Fall Quarter 2017 Course Information
Introduction to Narrative Fiction
In this course, students will learn about the basic elements of fiction, including character, setting, and plot. Through writing exercises and readings, students will be exposed to a wide variety of narrative approaches, practice analytical and critical thinking skills, develop a language for talking about how narrative works, and acquire the necessary tools for creating their own stories. Students will have the opportunity to read and respond to each other's work by engaging in a mini-workshop. The course will culminate with a reading, where students will be able to present their creative work to their peers and parents.
Sessions 1-3 explore character, protagonists, unreliable narrators, antagonists, point of view, dialogue, and tone.
Sessions 4-6 explore setting, imagery, and concrete details, examining what happens when characters are placed in specific environments such as cities, suburbia, nature, and dystopias.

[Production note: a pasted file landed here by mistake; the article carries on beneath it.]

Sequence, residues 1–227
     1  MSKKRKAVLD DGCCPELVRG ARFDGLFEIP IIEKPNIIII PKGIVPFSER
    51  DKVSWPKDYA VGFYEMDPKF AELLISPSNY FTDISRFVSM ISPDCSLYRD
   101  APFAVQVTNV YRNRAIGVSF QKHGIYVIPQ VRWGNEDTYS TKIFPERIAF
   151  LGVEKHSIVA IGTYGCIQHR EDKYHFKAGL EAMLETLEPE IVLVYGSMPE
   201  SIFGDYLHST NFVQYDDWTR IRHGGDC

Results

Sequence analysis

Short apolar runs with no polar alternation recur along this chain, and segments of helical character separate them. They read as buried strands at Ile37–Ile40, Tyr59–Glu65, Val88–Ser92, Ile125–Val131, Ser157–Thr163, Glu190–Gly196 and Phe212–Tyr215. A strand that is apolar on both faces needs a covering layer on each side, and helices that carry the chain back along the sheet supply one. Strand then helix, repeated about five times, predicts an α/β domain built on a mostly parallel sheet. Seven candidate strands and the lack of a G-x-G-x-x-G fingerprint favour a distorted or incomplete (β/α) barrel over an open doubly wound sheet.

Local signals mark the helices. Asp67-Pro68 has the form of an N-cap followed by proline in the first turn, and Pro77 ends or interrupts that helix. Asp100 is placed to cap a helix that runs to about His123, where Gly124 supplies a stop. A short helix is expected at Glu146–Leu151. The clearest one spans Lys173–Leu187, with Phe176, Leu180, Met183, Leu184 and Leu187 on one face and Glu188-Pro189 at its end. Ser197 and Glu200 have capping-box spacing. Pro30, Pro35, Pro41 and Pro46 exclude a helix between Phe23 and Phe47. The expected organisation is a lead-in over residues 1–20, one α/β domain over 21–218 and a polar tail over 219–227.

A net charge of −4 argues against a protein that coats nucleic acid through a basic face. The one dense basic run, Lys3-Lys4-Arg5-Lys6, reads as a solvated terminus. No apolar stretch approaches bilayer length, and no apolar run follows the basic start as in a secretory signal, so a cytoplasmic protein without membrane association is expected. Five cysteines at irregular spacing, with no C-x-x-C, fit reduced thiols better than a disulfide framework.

Sessions 7-8 explore plot, relevant aspects of Aristotle's Poetics, the Freitag triangle, linear narratives and modular narratives.
In Session 9, students will come to class with short fiction of their own in order to engage in a mini-workshop experience. Students will be encouraged to incorporate feedback and revise their work in order to prepare for the final reading.
In Session 10, students will have the opportunity to invite their parents to come to class for our end-of-the-quarter reading.
About the Instructor
Jenn Alandy Trahan (MFA, McNeese State University) is currently a Wallace Stegner Fellow in Fiction. Her fiction deals with intersections of trauma, race, identity, and class. She is working on a novel tentatively titled They Told Us Not to Say This.